Understand Red Black Tree: part one - background


In this series of articles, I want to examine an important data structure: the red-black tree. The red-black tree is an advanced data structure that is difficult to fully understand. Maybe you have some wonders and confusion about it as follows:

  • What is the meaning of red and black here?
  • The red-black tree is known as a self-balancing binary search tree. But what’s the difference between it and others?
  • Where is it used or applied?

If you want to know the answer to the above questions, then this article is just for you. I will cover the following topics:

  • Why do we need the red-black tree and what is its advantage?
  • How does a red-black tree work?
  • How to write a red-black tree from scratch?

Background of Red-Black Tree

In this section, let’s review the history of the red-black tree. During this process, I will show you why it was invented and what kind of advantages it can provide compared with other tree data structures.

First thing first, let’s define the red-black tree as follows:

  • Red-Black Tree is a self-balancing binary search tree.

Let’s analyze this definition step by step:

  • Tree: A tree is a nonlinear data structure, compared to arrays, linked lists, stacks and queues which are linear data structures. A tree is a data structure consisting of one node called the root and zero or one or more subtrees. One disadvantage of linear data structures is the time required to search a linear list is proportional to the size of the data set, which means that the time complexity is O(n). That’s why more efficient data structures like trees are invented to store and search data.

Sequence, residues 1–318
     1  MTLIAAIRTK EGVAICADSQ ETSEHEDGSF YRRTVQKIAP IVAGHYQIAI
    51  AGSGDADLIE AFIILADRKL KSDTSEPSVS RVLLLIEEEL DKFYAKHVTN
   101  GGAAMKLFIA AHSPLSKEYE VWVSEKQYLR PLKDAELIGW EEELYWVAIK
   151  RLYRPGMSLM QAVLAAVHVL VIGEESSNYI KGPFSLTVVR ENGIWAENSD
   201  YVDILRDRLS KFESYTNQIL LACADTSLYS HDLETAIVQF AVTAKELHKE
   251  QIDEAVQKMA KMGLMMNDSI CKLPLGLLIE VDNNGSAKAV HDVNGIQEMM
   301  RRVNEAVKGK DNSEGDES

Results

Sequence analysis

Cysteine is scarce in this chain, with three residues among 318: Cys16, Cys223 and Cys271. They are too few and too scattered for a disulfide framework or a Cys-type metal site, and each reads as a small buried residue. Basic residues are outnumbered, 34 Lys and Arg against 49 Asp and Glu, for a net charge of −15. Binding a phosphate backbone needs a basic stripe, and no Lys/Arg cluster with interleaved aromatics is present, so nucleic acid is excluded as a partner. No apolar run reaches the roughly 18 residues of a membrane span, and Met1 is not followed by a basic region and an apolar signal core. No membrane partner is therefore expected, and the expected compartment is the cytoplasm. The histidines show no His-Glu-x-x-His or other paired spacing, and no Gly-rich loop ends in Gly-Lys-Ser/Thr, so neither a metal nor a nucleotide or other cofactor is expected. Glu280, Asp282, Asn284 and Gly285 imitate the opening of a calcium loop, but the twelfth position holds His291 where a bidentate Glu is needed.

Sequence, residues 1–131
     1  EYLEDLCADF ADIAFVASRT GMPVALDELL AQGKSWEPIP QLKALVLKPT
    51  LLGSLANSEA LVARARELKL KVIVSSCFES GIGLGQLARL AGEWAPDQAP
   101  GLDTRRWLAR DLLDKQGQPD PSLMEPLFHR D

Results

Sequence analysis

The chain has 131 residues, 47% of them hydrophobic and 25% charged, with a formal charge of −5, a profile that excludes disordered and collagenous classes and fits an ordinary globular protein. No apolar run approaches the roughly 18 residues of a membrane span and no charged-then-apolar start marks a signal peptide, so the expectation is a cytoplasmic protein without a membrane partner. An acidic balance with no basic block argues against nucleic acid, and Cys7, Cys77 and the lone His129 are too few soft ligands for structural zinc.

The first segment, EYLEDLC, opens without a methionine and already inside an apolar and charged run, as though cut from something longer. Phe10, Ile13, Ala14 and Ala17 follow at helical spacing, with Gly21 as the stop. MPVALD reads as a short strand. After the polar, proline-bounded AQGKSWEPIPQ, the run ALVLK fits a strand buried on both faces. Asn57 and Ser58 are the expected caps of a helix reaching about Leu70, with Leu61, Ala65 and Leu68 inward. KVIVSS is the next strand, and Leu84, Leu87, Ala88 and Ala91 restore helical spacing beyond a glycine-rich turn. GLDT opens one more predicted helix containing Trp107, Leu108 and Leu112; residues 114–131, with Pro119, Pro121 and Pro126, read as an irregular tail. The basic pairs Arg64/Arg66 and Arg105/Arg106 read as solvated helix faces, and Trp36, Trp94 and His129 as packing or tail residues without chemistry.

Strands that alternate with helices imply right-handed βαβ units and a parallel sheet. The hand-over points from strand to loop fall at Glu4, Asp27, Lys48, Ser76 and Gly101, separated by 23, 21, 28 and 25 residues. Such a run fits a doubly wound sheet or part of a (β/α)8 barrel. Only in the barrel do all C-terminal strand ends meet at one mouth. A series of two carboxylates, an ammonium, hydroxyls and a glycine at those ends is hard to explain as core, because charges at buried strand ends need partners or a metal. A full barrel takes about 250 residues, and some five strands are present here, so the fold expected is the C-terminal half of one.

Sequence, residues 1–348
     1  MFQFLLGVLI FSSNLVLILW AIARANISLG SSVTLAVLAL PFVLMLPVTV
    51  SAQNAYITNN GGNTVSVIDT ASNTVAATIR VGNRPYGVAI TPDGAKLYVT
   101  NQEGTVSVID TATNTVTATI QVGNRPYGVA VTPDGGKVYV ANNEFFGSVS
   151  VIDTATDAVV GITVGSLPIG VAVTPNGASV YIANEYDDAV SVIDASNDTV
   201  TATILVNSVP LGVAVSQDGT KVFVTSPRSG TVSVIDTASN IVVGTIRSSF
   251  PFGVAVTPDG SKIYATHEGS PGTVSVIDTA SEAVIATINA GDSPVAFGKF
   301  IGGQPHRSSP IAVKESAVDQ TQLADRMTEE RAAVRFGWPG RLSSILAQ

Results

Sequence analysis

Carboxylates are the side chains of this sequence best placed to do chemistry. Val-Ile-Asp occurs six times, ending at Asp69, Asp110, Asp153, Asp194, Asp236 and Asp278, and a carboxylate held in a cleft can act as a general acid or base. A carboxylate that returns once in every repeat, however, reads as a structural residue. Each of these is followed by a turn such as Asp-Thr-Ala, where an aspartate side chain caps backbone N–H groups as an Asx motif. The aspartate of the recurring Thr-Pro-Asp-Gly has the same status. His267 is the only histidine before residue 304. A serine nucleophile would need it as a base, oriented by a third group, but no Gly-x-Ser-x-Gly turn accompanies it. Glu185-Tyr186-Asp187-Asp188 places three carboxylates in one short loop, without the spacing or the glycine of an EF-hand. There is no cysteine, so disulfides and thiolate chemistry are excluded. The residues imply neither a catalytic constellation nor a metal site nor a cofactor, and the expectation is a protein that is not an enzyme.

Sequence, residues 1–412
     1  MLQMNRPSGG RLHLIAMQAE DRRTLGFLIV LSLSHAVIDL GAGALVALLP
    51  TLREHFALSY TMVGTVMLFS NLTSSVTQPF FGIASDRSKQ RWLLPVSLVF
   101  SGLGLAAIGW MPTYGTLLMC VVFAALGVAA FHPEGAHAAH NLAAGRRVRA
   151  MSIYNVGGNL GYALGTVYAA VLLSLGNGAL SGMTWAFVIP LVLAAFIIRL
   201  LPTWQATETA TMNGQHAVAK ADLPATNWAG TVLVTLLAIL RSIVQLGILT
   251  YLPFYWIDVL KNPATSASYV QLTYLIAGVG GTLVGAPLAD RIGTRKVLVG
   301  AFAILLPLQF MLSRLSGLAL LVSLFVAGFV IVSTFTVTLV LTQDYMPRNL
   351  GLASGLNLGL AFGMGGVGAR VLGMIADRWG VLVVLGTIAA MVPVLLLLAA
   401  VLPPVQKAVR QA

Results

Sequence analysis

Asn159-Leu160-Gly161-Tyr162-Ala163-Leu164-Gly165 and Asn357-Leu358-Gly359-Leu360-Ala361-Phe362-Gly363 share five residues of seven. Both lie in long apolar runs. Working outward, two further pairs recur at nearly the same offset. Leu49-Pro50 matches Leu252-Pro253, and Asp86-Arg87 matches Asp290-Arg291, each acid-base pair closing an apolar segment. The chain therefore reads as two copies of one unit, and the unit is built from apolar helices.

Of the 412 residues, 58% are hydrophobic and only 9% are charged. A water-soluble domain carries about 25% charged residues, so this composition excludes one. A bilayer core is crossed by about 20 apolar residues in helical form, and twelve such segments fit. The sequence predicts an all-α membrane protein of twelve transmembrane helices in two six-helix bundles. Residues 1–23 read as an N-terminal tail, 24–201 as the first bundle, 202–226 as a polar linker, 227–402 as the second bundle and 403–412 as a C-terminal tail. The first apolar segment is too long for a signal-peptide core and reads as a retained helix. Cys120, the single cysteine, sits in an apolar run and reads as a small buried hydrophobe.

• General Tree: A general tree is a tree where each node may have zero or more children.

  • Binary Tree: A binary tree is a specialized case of a general tree, where each node can have no more than two children.

  • Binary Search Tree: A binary tree satisfying the binary search property is called a binary search tree(BST). To build a BST, the node with a key greater than any particular node is stored on the right sub-trees and the one equal to or less than is stored on the left sub-tree.

The average search time complexity of BST is O(logN), but in the worst case, it will be degraded to O(N). It happens when we insert the nodes one by one in order. For example, if we insert the elements in array [1, 2, 3, 4, 5, 6] into RST in order, what we get is as follows:

This kind of unbalanced BST is degraded to a single linked list. So the BST needs to keep balanced during the insert and delete of the node. That’s where the self-balancing binary search tree comes from.

  • Self-Balancing Binary Search Tree: it’s a binary search tree that automatically keeps its height small in the face of arbitrary item insertions and deletions. And the red-black tree is just one type of it.


As the first post of this series, I examined the background of the red-black tree bit by bit. I hope you can understand what’s self-balancing binary search tree and why we need it. In the next post, I will start to examine the behavior and property of the red-black tree.